> Capitol fortress: Security worries extend beyond Washington, but in the nation’s capital ahead of the inauguration, the Secret Service is in charge of safety for Biden and Harris and the VIPs in attendance, including three former presidents. The Service will begin today to put in place plans for what’s designated a national security special event — a week earlier than anticipated. The swearing-in at the Capitol on Jan. 20 will be a ticketed event and the public is banned from the Capitol grounds. 


Thousands of National Guard troops are stationed in the city to keep the peace (The Hill), and they will be armed for Inauguration Day. About 16 protest groups — some of them saying they will be armed and most of them made up of hard-line Trump backers — have registered to stage demonstrations in Washington, officials say (The New York Times).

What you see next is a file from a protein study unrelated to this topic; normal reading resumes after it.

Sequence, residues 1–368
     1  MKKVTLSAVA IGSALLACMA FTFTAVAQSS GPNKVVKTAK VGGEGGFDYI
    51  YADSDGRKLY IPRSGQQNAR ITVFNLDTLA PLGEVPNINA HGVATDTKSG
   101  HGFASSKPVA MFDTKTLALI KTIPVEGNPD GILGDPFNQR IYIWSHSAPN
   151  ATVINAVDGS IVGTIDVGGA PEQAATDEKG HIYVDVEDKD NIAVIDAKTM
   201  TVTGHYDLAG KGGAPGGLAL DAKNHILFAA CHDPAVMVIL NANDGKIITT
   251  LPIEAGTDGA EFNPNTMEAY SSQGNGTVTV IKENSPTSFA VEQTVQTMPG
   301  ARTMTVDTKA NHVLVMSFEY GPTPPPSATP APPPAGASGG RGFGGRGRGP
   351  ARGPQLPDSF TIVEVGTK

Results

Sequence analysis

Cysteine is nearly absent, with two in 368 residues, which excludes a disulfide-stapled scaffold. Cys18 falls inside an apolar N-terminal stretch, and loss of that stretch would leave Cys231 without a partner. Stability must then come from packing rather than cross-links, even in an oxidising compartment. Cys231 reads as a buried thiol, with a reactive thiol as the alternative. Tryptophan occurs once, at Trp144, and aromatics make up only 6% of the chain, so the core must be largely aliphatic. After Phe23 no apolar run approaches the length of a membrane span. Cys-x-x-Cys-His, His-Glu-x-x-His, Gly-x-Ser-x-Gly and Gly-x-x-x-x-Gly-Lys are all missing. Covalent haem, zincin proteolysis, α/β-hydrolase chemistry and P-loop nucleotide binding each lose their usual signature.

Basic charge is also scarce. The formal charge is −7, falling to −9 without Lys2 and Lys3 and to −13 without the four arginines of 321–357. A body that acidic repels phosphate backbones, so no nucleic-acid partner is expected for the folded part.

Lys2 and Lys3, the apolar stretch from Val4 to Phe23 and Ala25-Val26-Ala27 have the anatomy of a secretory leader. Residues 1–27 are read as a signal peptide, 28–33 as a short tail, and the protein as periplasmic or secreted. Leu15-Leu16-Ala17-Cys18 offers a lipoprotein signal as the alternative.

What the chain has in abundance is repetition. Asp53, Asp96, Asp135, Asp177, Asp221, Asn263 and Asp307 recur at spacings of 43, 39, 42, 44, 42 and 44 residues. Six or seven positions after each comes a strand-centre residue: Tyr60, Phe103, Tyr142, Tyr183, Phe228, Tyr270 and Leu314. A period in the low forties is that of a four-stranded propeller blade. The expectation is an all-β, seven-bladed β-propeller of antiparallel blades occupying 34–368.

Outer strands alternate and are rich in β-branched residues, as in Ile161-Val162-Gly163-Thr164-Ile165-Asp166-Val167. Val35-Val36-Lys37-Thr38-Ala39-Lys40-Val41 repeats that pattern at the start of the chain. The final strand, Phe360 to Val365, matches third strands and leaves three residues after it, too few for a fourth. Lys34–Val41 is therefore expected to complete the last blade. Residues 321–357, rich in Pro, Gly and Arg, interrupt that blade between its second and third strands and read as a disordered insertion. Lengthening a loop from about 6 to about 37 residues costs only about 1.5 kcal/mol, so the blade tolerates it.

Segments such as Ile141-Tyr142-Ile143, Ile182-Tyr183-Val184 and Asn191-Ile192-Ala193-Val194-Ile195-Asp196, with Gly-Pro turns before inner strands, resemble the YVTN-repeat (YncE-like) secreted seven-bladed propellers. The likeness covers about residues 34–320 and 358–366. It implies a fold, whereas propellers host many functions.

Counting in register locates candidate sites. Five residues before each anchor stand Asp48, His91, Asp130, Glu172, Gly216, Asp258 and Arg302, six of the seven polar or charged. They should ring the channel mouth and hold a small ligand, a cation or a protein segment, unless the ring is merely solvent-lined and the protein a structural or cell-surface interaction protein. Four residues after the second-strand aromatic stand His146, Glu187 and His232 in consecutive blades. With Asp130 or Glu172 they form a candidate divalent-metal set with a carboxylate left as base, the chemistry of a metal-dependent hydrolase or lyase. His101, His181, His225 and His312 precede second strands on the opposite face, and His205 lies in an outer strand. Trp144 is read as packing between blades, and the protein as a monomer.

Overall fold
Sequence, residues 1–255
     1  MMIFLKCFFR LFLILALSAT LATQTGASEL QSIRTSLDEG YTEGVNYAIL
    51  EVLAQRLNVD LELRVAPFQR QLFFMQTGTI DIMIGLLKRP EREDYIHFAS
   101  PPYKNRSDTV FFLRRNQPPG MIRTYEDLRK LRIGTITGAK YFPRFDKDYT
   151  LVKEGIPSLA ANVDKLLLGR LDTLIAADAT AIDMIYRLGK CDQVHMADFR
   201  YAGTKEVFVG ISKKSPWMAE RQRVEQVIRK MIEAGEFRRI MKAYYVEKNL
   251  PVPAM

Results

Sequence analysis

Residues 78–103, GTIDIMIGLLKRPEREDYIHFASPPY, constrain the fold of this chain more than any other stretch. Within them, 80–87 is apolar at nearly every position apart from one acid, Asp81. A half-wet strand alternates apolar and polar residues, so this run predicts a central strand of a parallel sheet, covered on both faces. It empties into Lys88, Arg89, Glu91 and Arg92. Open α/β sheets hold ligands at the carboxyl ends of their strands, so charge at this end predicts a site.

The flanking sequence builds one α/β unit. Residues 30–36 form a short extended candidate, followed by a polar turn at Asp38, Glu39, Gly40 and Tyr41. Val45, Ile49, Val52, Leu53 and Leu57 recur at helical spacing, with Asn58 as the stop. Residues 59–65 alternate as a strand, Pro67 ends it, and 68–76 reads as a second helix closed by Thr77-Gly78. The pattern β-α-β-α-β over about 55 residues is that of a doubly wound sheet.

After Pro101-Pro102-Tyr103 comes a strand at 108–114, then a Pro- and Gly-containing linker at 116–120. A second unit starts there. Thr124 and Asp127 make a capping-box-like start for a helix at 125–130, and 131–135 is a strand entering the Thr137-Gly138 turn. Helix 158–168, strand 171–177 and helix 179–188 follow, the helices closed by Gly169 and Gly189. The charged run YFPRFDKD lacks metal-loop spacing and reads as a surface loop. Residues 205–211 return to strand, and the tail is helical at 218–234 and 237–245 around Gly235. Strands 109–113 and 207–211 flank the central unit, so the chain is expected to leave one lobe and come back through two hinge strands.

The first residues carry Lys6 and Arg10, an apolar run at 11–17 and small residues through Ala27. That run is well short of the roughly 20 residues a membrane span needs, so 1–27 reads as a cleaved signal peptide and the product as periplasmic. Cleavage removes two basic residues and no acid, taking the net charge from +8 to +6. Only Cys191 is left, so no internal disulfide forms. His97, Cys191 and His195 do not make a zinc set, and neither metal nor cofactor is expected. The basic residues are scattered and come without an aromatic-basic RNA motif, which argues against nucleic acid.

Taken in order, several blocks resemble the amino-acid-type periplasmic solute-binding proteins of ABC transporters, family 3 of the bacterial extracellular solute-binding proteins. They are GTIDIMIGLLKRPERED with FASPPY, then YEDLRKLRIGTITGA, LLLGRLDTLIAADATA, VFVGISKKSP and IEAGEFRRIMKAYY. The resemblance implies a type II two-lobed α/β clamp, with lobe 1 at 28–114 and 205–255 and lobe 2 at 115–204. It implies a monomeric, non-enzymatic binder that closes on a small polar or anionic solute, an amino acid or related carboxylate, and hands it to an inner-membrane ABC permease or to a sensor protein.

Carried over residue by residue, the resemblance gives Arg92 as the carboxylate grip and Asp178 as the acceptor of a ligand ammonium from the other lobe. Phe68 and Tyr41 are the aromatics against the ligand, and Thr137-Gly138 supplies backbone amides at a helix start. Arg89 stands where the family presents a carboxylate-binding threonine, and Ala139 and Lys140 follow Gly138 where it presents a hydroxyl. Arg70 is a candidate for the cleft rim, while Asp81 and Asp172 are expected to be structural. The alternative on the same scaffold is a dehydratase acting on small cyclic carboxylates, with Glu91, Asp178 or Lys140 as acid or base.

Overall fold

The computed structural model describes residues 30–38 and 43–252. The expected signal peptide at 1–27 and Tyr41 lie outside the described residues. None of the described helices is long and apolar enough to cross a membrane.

The Hill: Using first-person accounts and oral history, reporter Reid Wilson put together a minute-by-minute recreation of last week’s Capitol chaos.  


> Detection rejection: The House on Tuesday added new security for lawmakers on the House floor. Timothy Blodgett, the acting House sergeant-at-arms, said in a statement that magnetometers were placed at multiple entrances to the House chamber, requiring lawmakers to be screened before entering. Blodgett noted that guns are barred and members are only permitted to keep weapons in their offices. His efforts were greeted with howls of protest from some conservative lawmakers, who refused to be scanned, walked in defiance around the machines and blustered on Twitter about purported “unconstitutional” searches (The Hill).